8. It was contended by the Union that the pasteurisation Unit or any other unit of the Union is not a 'factory' within the meaning of the Act as the pasteurisation of milk is not a manufacturing process and even assuming that it was a manufacturing process, the Union has not employed the minimum number of persons, namely '20' to bring it within the definition of factory'. It was also contended that the other units, namely, clerical, distribution etc., are not connected to the pasteurisation unit, so as to bring all units within the definition .
9. The contention of the Union were negatived by the lower Court. The Union has reiterated the same contentions before me.
10. It is, therefore, necessary to note the relevant provisions in the Act. 'Factory' is defined in Section 2 (12) of the Act as follows:
'Factory' means any premises including the precincts thereof whereon twenty or more persons are working or were working on any day of the preceding twelve months, and in any part of which a manufacturing process is being carried on with the aid of power or is ordinarily so carried on but does not include a mine subject to the operation of the Indian Mines Act, 1923 (IV of 1923) (or a railway running shed).
From this definition, it is clear that the following ingredients are required to bring the premises under the definition of 'factory': (1) there must be a premises where the work is carried on; (2) 20 or more persons must be working; (3) 20 or more persons were working on any day of the preceding twelve months; (4) a manufacturing process must be carried on in the premises or any part of the premises; and (5) such manufacturing process must be carried on or so ordinarily carried on with the aid of power.
11. 'Manufacturing process' is not defined specifically under the Act; but it is stated under Section 2 (12) of the Act that the expressions 'manufacturing process' and 'power' shall have the meanings respectively assigned to them in the Factories Act, 1948. Section 2 '(k) of the Factories Act, 1948 defines ''manufacturing process'. According to this section, 'manufacturing process' means any process for making, altering, repairing, ornamenting, finishing, packing, oiling, washing, cleaning, breaking up, demolishing, or otherwise treating or adapting any article or substance with a view to its use, sale, transport, delivery or disposal etc. Thus, this definition of 'manufacturing process' is so wide as to include the various acts performed on any article or substance with a view to its use, sale, transport, delivery or disposal. This definition takes in all acts enumerated therein and similar other acts which bring in not only some change in the article or substance but also the acts done for the protection and maintenance of such article by packing, oiling washing, cleaning etc.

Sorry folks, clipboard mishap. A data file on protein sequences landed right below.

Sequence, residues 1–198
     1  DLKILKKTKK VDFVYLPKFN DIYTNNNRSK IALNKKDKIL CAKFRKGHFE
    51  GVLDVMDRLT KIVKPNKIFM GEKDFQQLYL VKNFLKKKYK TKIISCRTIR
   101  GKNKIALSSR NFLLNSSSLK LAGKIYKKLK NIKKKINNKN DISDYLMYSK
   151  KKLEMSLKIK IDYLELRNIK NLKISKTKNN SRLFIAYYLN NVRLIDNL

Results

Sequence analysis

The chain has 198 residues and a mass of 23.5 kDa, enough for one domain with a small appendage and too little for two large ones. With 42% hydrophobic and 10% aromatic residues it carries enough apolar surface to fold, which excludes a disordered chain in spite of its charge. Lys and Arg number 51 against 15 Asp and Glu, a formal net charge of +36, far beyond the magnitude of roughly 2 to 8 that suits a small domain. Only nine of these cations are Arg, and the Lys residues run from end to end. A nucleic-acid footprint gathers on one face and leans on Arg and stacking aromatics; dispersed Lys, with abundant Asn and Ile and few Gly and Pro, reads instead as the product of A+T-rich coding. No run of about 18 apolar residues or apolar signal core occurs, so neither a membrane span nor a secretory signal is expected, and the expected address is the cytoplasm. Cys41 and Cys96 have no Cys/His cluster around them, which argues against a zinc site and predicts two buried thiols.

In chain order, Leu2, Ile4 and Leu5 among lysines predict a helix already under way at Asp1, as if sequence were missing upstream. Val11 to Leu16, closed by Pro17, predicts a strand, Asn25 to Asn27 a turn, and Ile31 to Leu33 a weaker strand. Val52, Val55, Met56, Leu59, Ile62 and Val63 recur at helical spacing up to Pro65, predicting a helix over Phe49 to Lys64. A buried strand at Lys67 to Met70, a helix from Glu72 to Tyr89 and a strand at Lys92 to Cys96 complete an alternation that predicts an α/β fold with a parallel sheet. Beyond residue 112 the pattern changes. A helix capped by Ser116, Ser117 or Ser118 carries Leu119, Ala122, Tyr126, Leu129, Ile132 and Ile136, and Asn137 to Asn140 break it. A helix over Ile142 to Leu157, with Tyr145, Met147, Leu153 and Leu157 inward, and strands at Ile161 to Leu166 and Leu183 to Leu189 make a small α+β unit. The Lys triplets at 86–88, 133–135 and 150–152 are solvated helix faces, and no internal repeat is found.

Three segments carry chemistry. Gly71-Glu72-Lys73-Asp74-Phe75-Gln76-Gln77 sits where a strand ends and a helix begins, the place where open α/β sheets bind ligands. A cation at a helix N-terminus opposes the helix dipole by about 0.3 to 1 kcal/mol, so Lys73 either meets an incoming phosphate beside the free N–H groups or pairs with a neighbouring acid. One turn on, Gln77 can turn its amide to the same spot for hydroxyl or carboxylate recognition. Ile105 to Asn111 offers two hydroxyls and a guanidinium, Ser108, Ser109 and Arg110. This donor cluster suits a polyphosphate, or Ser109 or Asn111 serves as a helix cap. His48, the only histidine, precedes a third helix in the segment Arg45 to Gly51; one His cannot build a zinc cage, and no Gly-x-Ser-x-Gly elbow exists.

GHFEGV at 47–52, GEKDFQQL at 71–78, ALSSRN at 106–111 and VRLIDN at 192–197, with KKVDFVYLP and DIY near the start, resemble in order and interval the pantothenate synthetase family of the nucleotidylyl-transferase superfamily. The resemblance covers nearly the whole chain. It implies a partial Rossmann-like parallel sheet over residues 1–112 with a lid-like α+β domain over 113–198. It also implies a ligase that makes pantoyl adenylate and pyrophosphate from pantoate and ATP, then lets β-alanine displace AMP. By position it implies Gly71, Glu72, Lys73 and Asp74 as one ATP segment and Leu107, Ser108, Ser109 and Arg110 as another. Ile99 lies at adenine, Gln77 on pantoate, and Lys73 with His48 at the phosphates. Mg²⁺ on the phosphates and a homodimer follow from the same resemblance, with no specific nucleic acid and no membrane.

12. 'Power' is defined in Section 2 (g) of the Factories Act as follows:
'Power' means electrical energy or any other form of energy which is mechanically transmitted and is not generated by human or animal agency.
There is no dispute that electrical energy is used for pasteurisation of milk by the Union in the premises. The question now is whether pasteurisation of milk comes within the definiton of 'factory'.
13. In pasteurisation of milk, the process consists of heating the milk upto 72C to bring it under particular temperature and then chilling it to destroy germs harmful to the health of the community. The word 'pasteurisation' has been defined in the Shorter Oxford English Dictionary a? follows:
To sterilize by Pasteur's method, to prevent or arrest fermentation in milk, wine etc., by exposure to a high temperature so as to destroy microbes or germs, to treat by the Method of Pasteurism, 1886.
The process employed by the Union will undoubtedly come within the definition of 'factory' as the milk originally purchased from various persons is treated by a particular process with the aid of power for the purpose of sale and distribution to the customers. The milk is treated by heating it to high temperature and then bringing it to the low temperature, for the purpose of destroying harmful microbes. Treating an article or substance is a manufacturing process under the definition of Section 2 (k) of the Factories Act. It is not in dispute that the milk so treated by power is transported, sold and delivered to the customers. The premises where the pasteurisation of milk is carried on is, therefore, a' factory' within the meaning of the provisions of the Act.